On Wednesday March 13, Rep. Jack Bergman, Rep. Mac Thornberry (R-TX), Ranking Member of the House Armed Services Committee—along with all Republican members of the Committee—officially delivered their “views and estimates” of the President’s FY20 DOD budget request to the House Budget Committee.
In part, the Members said:
The primary job of the federal government is to provide for the common defense; yet today, only 15 percent of the budget is devoted to that task.
By comparison, it is was about 50 percent in the early 1960s.
We spend about 3.4 percent of Gross Domestic Product on defense and international affairs compared to the 15 percent of GDP we spend on federal payments to individuals.
In addition, while defense spending was cut about 20 percent in real terms starting in 2010, there was no similar reduction in the threats we faced which, in fact, increased and diversified in scale and complexity.
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Congress must consider defense funding on the basis of current and projected threats, not on the basis of an arbitrary cap or by attempting to balance defense spending with non-defense spending.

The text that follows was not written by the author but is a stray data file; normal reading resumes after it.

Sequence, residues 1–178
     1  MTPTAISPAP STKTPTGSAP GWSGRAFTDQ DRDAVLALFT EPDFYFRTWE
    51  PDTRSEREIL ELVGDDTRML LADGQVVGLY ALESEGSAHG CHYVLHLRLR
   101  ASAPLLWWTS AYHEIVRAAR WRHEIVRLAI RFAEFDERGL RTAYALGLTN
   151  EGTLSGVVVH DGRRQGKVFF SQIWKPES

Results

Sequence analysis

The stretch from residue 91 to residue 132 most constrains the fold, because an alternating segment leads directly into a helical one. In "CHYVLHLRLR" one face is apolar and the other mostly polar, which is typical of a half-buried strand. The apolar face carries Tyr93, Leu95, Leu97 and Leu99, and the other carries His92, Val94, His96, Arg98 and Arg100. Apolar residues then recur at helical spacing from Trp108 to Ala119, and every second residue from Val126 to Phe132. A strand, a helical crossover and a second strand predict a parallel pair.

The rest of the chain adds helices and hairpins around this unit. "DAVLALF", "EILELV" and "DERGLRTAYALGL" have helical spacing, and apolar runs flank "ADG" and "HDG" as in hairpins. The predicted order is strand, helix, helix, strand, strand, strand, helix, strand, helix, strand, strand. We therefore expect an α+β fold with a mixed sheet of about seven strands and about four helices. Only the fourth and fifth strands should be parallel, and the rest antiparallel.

Entitlement spending is the driver of our fiscal challenges, and getting mandatory spending under control should be the focus of deficit reduction efforts.
Even if we were to eliminate the Department of Defense, the deficit would still exist. We must address our nation’s spending problem without compromising the defense of the nation and all we hold dear.
Several times before our Committee, Secretary Mattis and General Dunford testified that after Fiscal Year 2019, a minimum of three to five percent real growth in the defense budget would be required to continue to restore our readiness and to make progress in meeting the threats posed by near-peer competitors, such as Russia and China.
Therefore, we support defense budgets that meet this minimum threshold.